In Memoriam: Prospect Park Alliance Advocates Terry Christensen and Leslie Beller
November 10, 2017
This month, Prospect Park Alliance mourns the passing of two individuals, Founding Board Chair Terry Christensen and longtime Board Member Leslie Beller. These dedicated members of our community leave a lasting legacy on Prospect Park.
Henry “Terry” Christensen III
Christensen lived across the street from the Park, and enjoyed its acres with his four children. “I love everything about Prospect Park,” Christensen reminisced in a 2015 interview. “I have so many memories in the Park, picnics in the Park with our children, walking around the watercourse… It’s a place of unending beauty. That’s why it’s so important, it’s the backyard for all the people of Brooklyn.”
Tupper Thomas, as Prospect Park’s first Administrator, reached out to Christensen to ask for his help in the Park, and in 1987 they launched the Alliance with the blessing of Mayor Ed Koch. They called their new organization an “Alliance” rather than a “Conservancy,” because in their view they were not “conserving” the Park, but rather bringing together the public and private sectors in innovative new ways. The model that they created has been widely admired and adopted throughout the country.
During Terry’s tenure the Alliance grew its annual operating budget from $40,000 to $10 million—the Alliance now provides a majority of the staff and resources to care for the Park. Overseeing the restoration of the Park's 1912 carousel was his first project as Board Chair, and restoring Brooklyn's last remaining forest was his last. While everybody loves the Carousel, which was dedicated to him in 2007, the forest and the park's landscape were his real passion.
As Al Garner, who succeeded him as Board Chair, has said, “Terry set the bar for truly effective leadership” while making it look easy and brought a rare combination of vision and practicality to the task. Quite simply, the Alliance would not exist without Terry’s leadership, for that we—and millions of Brooklynites—will forever be grateful. His legacy lives on through our beloved Park, which he called his “fifth child.”
An attorney with Sullivan & Cromwell and then McDermott Will & Emery, Terry led an extensive international practice advising multinational families, family offices and trustees. In addition to his service to the Alliance, Terry was actively involved in community and cultural life. He served as a member of the BAM board for 25 years and provided steady guidance to many other organizations' boards including Theater for a New Audience, The Rita + Alex Hillman Foundation, the American Council for Oriental Research and many others.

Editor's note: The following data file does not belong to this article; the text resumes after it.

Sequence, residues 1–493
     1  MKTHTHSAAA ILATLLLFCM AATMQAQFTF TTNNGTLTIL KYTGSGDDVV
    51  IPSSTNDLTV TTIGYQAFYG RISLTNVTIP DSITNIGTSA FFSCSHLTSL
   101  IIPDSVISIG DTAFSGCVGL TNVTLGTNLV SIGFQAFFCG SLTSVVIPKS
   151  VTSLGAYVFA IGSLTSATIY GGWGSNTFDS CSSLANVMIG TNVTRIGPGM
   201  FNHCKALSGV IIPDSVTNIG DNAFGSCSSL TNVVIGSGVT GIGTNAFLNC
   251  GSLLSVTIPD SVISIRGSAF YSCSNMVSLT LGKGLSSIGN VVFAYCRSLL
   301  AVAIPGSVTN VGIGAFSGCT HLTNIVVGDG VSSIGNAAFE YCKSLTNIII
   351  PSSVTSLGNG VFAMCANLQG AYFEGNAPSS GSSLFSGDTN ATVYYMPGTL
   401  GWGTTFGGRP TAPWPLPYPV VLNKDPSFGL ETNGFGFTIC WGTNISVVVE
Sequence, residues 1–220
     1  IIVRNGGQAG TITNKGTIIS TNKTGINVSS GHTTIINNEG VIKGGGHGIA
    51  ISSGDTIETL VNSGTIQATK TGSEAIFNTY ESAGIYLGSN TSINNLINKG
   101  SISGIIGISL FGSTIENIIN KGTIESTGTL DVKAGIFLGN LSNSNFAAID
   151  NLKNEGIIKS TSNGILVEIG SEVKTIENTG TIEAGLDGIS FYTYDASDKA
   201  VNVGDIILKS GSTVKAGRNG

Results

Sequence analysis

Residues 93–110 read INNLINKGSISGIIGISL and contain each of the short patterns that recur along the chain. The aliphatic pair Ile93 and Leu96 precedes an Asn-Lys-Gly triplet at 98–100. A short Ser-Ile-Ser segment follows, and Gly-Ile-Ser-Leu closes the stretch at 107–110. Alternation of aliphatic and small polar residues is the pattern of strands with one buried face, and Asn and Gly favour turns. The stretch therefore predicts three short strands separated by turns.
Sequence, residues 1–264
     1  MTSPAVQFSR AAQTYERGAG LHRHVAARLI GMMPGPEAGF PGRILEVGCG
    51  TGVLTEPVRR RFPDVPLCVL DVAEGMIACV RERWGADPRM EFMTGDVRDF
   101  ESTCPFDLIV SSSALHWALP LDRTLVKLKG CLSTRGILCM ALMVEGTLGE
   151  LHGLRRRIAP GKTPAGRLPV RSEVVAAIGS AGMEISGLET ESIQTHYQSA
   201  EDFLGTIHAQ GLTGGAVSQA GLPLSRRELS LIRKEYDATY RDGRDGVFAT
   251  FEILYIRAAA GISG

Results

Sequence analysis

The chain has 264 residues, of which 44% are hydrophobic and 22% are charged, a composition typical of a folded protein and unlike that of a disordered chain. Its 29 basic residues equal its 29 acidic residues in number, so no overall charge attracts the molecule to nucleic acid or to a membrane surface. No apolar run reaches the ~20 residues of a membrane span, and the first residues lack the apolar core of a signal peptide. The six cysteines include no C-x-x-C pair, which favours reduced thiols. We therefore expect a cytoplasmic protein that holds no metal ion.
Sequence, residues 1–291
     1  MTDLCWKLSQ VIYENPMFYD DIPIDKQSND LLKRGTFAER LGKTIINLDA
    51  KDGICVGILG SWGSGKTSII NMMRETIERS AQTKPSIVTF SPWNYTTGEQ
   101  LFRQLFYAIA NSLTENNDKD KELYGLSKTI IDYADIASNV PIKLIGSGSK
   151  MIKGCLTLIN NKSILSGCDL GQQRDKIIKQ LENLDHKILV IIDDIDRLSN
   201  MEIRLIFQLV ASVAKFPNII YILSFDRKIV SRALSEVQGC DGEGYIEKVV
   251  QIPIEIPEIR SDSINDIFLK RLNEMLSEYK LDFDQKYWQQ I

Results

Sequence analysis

Christensen passed away at the age of 72. He is survived by his wife Constance—they celebrated their 50th anniversary this summer—as well as his children Alexander (Susan), Gus (Courtney Booth), Elizabeth and Katherine, four grandchildren and a sister, Karen Cheeseman.
Her boundless enthusiasm touched so many corners of the Park and the lives of so many Brooklyn families. Beller championed the restoration of some of the Park’s most iconic features, including the woodland Ravine and historic Boathouse, while campaigning for dramatic improvements, such as the celebrated Samuel J. and Ethel LeFrak Center at Lakeside. The LeFrak Center was a particularly significant milestone for her. As she herself said, back in the early 1980s when she was teaching her daughter to skate at the former Wollman Rink, she could only dream of an organization that could think that big and create something as beautiful as Lakeside.
Leslie also served as a board member of The Brooklyn Museum from 2002 until her death, as well as of the Park Slope Civic Council. Leslie died peacefully at home surrounded by her husband Alan, her daughter Elizabeth and son David, their spouses Michael and Brigid and her granddaughter Clementine.
Terry Christensen and Leslie Beller at the Prospect Park Alliance’s 1998 Woodlands Ball